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How to Treat Bone Injuries

How to Treat Bone Injuries

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Published by Surgicalgown
Musculoskeletal injuries comprise over one third of all trauma. That is why orthopaedic injuries occupy a sizeable part of this text.
Fractures are described according to (Fig. 13.1):
• which bone
• which part of that bone (proximal, middle, distal)
• fracture pattern/direction (oblique/spiral, transverse (pathological), segmental or comminuted).
• then displacement/alignment of the position of distal fragment as tilt (angulation), shift (% end-to-end contact) and twist (rotation - maybe hard to assess but often important).
• whether nearby joint involved
• associated factors (dislocation, open fractures etc.)

The mechanism of injury is useful to know to assess the "personality" of the fracture and so treatment (e.g. compression forces result in angulated or T-type fractures; rotational forces in spiral fractures; traction injuries in avulsion fractures).

Essential orthopaedic references include:
• WorldSurg, www.worldsurg.com
• Wheeless' Textbook of Orthopaedics, www.medmedia.com
• Manual of Internal Fixation
• Principles of Fractures and their Treatment
Musculoskeletal injuries comprise over one third of all trauma. That is why orthopaedic injuries occupy a sizeable part of this text.
Fractures are described according to (Fig. 13.1):
• which bone
• which part of that bone (proximal, middle, distal)
• fracture pattern/direction (oblique/spiral, transverse (pathological), segmental or comminuted).
• then displacement/alignment of the position of distal fragment as tilt (angulation), shift (% end-to-end contact) and twist (rotation - maybe hard to assess but often important).
• whether nearby joint involved
• associated factors (dislocation, open fractures etc.)

The mechanism of injury is useful to know to assess the "personality" of the fracture and so treatment (e.g. compression forces result in angulated or T-type fractures; rotational forces in spiral fractures; traction injuries in avulsion fractures).

Essential orthopaedic references include:
• WorldSurg, www.worldsurg.com
• Wheeless' Textbook of Orthopaedics, www.medmedia.com
• Manual of Internal Fixation
• Principles of Fractures and their Treatment

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Published by: Surgicalgown on Jun 06, 2009
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02/03/2013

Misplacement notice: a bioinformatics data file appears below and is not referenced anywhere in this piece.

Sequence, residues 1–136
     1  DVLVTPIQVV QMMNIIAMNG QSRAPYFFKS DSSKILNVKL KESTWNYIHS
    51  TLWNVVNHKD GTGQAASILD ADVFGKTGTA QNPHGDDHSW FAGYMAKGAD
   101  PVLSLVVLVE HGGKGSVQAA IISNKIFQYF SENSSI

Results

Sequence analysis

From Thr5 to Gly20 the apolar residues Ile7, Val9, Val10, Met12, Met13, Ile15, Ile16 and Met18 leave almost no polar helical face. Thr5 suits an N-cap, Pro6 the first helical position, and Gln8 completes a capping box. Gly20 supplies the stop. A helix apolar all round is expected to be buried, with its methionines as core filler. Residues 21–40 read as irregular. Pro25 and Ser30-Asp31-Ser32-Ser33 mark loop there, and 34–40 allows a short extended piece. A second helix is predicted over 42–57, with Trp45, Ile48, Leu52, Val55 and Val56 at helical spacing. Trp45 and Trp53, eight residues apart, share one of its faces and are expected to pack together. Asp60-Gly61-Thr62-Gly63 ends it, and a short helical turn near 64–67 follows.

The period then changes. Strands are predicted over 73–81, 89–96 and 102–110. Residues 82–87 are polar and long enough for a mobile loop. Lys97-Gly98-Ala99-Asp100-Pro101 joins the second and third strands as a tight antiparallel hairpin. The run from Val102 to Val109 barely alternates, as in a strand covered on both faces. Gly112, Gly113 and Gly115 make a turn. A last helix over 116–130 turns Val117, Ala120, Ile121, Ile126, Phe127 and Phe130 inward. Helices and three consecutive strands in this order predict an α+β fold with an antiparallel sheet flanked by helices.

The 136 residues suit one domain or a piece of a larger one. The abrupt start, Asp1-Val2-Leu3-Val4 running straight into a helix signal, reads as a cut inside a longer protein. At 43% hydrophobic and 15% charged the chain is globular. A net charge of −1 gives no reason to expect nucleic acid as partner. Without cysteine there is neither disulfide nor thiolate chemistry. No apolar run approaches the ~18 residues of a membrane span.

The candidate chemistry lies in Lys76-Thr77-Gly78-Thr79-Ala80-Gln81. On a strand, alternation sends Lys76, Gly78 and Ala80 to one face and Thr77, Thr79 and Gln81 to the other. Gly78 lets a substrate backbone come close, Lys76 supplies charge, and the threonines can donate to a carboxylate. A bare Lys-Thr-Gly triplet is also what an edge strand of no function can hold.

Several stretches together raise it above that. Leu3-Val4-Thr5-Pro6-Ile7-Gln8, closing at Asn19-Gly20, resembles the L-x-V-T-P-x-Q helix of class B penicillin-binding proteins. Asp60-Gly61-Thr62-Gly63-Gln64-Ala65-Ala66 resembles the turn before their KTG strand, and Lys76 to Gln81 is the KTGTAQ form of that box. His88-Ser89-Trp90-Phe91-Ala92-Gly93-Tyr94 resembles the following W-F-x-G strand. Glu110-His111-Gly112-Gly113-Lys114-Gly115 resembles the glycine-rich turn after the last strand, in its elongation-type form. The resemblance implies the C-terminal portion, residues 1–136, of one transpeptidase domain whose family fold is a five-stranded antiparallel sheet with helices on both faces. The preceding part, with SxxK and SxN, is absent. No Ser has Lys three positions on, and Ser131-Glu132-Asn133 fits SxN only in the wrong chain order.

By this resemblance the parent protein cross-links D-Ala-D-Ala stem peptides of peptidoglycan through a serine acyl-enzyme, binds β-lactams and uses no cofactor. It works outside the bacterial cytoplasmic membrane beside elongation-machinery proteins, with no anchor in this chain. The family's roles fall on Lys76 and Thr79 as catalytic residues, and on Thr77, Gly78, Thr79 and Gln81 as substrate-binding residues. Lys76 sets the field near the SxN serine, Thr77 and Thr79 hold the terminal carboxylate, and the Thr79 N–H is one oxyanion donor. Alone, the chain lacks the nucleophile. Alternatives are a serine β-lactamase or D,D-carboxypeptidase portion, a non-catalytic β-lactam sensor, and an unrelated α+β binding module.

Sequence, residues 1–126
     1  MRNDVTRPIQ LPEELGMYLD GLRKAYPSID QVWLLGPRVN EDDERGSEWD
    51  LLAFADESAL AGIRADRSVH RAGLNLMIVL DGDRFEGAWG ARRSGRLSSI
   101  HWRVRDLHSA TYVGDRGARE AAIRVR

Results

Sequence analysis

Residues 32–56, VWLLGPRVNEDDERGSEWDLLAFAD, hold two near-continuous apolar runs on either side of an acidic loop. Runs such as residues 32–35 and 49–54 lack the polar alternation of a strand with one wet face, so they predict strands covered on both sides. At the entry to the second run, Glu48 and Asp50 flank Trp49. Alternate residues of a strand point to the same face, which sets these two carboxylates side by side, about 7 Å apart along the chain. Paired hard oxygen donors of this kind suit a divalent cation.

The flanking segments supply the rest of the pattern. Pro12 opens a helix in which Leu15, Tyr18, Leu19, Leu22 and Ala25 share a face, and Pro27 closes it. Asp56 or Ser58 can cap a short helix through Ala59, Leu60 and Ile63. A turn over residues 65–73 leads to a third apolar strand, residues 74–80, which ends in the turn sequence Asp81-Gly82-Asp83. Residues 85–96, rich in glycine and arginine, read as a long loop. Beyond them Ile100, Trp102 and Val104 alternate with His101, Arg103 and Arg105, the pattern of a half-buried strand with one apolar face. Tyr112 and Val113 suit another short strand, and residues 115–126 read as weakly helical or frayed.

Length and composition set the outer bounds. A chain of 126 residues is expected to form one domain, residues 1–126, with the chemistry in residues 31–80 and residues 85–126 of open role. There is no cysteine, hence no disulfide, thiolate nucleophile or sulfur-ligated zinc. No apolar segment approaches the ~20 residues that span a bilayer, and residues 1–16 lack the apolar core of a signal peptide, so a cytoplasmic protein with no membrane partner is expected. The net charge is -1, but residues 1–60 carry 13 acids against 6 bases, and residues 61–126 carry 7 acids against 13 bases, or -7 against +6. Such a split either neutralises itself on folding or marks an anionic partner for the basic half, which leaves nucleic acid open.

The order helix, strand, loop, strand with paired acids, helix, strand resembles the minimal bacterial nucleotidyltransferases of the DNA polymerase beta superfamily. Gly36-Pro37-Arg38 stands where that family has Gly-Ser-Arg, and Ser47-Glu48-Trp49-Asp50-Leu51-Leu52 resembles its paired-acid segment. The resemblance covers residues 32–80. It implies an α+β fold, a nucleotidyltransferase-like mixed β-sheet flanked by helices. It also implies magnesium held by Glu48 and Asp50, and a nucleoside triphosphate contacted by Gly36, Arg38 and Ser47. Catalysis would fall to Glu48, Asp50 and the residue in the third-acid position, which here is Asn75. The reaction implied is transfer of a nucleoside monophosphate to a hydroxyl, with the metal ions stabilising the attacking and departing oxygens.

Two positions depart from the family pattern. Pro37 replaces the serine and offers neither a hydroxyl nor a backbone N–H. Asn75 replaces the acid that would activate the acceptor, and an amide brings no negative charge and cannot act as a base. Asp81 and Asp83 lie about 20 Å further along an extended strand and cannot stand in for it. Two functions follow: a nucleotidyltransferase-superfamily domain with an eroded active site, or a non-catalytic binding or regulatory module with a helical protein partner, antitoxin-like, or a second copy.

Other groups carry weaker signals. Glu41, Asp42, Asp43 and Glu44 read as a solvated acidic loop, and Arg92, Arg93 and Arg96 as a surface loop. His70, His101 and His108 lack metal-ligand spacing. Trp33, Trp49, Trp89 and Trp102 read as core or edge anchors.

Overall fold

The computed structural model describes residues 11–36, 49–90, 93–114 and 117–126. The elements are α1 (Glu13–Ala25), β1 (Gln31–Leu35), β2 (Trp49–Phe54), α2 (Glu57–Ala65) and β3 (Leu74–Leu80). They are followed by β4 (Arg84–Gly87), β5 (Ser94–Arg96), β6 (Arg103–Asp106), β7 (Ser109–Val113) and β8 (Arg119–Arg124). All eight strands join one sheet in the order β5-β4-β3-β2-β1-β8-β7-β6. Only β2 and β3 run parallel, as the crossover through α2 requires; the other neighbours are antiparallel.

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Introduction
Musculoskeletal injuries comprise over one third of all trauma. That is why orthopaedic injuries occupy a sizeable partof this text.Fractures are described according to (Fig. 13.1):
which bone
which part of that bone (proximal, middle, distal)
fracture pattern/direction (oblique/spiral, transverse (pathological), segmental or comminuted).
then displacement/alignment of the position of distal fragment as tilt (angulation), shift (% end-to-endcontact) and twist (rotation - maybe hard to assess but often important).
whether nearby joint involved
associated factors (dislocation, open fractures etc.)The mechanism of injury is useful to know to assess the "personality" of the fracture and so treatment (e.g.compression forces result in angulated or T-type fractures; rotational forces in spiral fractures; traction injuries inavulsion fractures).Essential orthopaedic references include:
WorldSurg, www.worldsurg.com
Wheeless' Textbook of Orthopaedics, www.medmedia.com
Manual of Internal Fixation
Principles of Fractures and their Treatment
Open fractures
These fractures communicate with the skin and should be handled with extreme care as contamination and softtissue disruption may result in disaster. Formal, thorough debridement with irrigation (normal saline), preferablypulsed should be performed within eight hours of injury. Otherwise serious infection may result.The basic steps to the management of open fractures are:1. Debride the soft tissues and debride the bone.2. Stabilize the soft tissues and stabilize the bone;3. Reconstruct the soft tissues and reconstruct the bone.First or second generation cephalosporin and an aminoglycoside should be given for 48 hours. Use of penicillinshould be considered for barnyard or clostridial infections. Also appropriate immobilization and fixation is required.See Chapter 00. Gunshot wounds are open fractures (see Chapter 00 and appendix 00). The resultant soft tissue disturbance andbone destruction is usually based on the velocity of the bullet. For instance the relative low velocity of handgunscauses the least soft tissue destruction. Treatment usually consists of entry and exit wound debridement. The high